Editor and Publisher has compiled it’s 2020 list of news publishers that are doing exciting things at their companies.
As more newspapers incorporate new media into their storytelling, the Arizona Republic took a slightly different approach.
“Think about new media first rather than as an addition,” said Josh Susong, director of investigations and enterprise.
In November 2019, the Republic released a six-part podcast called “Rediscovering Don Bolles: A Murdered Journalist.” Bolles was an investigative reporter for the Republic in the 1960s and 1970s, who was killed in a car bomb in 1976 because of his reporting on the Mafia and corruption in Arizona. What made this podcast unique was that listeners could actually hear Bolles’ own voice tell his story (43 years after his death).
“When we found the tapes, we knew it was imperative we gave Don Bolles a chance to tell his story,” executive editor Greg Burton said. “Podcasts didn’t exist when he was a reporter…and even 10 years ago, (podcasts) were not there, so this was a way to present this story in a new, interactive way.”
In addition to podcasting documentary films were also being produced.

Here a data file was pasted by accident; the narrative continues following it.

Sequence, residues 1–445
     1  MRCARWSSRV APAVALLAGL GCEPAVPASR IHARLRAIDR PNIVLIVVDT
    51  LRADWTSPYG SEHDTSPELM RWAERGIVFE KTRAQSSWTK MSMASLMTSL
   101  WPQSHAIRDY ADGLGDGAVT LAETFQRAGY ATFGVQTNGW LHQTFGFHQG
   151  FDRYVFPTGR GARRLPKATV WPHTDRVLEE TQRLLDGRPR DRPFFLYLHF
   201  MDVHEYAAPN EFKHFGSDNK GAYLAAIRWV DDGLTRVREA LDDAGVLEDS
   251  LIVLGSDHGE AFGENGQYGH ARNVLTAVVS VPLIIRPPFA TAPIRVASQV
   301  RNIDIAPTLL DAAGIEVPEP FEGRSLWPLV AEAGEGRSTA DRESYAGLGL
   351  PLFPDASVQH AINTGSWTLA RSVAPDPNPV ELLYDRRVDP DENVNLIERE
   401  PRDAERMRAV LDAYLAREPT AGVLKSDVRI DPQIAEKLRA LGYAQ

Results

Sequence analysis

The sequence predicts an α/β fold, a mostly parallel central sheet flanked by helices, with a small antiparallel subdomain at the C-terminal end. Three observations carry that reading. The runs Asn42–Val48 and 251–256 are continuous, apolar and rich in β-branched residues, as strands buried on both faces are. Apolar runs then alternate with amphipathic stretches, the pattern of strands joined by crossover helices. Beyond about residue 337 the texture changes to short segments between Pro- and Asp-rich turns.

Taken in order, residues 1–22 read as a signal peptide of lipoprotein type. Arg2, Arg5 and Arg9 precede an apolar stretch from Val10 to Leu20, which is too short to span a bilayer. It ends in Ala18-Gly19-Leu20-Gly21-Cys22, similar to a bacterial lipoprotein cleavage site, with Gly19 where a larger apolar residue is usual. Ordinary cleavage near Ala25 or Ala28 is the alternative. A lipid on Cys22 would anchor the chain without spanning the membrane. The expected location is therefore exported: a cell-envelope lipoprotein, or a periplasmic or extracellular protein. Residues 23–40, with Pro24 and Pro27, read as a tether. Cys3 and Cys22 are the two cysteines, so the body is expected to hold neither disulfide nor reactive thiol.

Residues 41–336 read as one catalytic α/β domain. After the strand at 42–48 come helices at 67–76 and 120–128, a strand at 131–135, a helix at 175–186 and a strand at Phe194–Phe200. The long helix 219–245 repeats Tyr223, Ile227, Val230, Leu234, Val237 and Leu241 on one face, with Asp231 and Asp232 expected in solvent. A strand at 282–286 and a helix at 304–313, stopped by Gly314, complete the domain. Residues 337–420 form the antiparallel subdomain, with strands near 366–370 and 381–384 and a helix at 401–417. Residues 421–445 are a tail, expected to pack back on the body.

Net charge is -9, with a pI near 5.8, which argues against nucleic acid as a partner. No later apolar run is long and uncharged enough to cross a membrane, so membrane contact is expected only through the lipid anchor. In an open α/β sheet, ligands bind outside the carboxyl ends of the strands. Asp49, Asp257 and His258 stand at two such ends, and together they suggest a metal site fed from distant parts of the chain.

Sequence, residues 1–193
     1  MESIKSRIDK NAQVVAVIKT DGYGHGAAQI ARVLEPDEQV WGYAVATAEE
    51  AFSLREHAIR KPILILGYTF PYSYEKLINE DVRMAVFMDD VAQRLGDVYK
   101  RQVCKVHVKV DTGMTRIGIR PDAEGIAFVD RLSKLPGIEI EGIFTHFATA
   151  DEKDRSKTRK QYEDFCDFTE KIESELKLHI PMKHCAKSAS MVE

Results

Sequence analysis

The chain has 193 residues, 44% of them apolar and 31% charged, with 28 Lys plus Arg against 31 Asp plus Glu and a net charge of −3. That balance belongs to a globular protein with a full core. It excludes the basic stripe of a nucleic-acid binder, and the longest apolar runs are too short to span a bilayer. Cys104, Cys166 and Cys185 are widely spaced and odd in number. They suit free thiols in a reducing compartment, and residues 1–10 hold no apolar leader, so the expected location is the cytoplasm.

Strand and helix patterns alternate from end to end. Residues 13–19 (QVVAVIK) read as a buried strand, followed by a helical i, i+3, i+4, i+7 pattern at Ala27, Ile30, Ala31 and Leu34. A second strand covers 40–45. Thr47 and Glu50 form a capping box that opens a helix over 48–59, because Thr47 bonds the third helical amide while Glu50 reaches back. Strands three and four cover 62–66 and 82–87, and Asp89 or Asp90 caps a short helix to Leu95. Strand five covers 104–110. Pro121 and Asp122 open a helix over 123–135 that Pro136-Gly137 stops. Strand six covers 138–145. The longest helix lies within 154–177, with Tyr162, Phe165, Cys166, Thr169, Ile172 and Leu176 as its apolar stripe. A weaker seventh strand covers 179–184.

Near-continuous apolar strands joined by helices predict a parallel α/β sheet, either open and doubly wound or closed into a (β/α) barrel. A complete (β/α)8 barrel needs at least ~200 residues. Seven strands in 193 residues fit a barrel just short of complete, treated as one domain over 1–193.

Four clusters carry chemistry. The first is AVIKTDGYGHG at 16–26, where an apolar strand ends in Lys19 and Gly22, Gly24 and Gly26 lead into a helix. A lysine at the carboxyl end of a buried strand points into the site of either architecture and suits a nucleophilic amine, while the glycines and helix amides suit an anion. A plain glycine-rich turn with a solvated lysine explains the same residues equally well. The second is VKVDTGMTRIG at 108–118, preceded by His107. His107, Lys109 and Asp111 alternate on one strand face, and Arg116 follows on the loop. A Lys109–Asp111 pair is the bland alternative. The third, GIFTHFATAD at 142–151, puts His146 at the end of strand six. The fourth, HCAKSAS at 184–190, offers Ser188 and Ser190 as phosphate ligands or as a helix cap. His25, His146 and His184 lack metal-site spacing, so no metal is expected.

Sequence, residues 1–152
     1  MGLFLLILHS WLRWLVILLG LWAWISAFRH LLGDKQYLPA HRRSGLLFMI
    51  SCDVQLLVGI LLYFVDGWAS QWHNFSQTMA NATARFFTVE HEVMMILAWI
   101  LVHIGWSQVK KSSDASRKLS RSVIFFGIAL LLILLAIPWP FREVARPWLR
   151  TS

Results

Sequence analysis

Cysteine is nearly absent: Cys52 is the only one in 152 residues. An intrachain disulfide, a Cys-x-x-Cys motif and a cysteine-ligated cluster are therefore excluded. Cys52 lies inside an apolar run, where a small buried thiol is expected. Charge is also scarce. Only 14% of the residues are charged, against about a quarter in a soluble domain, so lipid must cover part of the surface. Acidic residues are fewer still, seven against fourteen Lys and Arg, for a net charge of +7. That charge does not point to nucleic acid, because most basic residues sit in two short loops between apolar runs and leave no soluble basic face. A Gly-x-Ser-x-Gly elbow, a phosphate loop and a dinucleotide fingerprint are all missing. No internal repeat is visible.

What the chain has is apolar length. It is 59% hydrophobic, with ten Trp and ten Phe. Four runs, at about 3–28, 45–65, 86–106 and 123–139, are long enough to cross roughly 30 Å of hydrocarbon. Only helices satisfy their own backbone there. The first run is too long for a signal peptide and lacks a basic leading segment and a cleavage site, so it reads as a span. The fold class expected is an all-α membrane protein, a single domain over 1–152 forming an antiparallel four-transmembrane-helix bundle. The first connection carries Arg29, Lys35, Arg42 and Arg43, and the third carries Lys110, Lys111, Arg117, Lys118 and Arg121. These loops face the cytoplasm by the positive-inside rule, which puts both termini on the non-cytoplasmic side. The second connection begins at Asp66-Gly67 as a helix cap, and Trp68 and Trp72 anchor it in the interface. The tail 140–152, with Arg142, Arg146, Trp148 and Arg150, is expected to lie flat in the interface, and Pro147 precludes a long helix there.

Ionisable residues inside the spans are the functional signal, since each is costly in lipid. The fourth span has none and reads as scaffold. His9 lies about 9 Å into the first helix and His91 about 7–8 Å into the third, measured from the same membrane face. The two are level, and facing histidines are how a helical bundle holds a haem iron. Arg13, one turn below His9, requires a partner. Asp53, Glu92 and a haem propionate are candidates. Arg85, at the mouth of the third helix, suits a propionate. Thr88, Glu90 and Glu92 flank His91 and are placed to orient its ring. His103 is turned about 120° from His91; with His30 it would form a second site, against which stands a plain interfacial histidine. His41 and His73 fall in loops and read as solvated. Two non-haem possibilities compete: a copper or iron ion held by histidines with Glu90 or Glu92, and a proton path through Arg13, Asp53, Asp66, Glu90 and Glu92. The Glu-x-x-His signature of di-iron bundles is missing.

Little Rock, Ark.
In 2018, the Arkansas Democrat-Gazette was faced with the reality that the newspaper was going to have its first unprofitable year in two decades. But instead of cutting content, resources or staff, publisher Walter E. Hussman Jr. sought to do something big keep the newspaper afloat.
Using a projected income statement, the Democrat-Gazette found a subscription price of $34/month.
“Some things have changed,” Hussman said. “Number one, a lot more people in America have high-speed internet today than they did nine years ago (and) the iPad is a much more accepted and familiar product. Here’s the other thing, nine years ago people didn’t think, ‘Oh, if I don’t go to this (digital) replica the newspaper is going to go out of business.’”
Although the story of the Chicago Sun-Times begins in 1948, a new chapter began at the newspaper in 2017 when Tribune Publishing acquired the Sun-Times. Since then, the Sun-Times has been working on revamping its newsroom through several initiatives and projects, specifically when it comes to digital.
Video and podcasting are also booming enterprises for the Sun-Times.
How great is it to have a city where citizens can pick up two papers, and read and respect the Tribune’s editorial page, and they can read and respect ours and then make a decision,” editor-in-chief Chris Fusco said. “That’s what it’s all about.”
Click here to review the rest of the list.